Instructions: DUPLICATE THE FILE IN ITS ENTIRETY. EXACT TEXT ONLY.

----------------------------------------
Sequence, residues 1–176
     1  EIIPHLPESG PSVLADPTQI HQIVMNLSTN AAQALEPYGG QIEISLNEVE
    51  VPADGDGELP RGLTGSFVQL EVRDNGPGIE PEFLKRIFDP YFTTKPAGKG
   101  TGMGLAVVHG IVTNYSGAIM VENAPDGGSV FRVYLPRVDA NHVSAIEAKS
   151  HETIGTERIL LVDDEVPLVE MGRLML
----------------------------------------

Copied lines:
Sequence, residues 1–176
     1  EIIPHLPESG PSVLADPTQI HQIVMNLSTN AAQALEPYGG QIEISLNEVE
    51  VPADGDGELP RGLTGSFVQL EVRDNGPGIE PEFLKRIFDP YFTTKPAGKG
   101  TGMGLAVVHG IVTNYSGAIM VENAPDGGSV FRVYLPRVDA NHVSAIEAKS
   151  HETIGTERIL LVDDEVPLVE MGRLML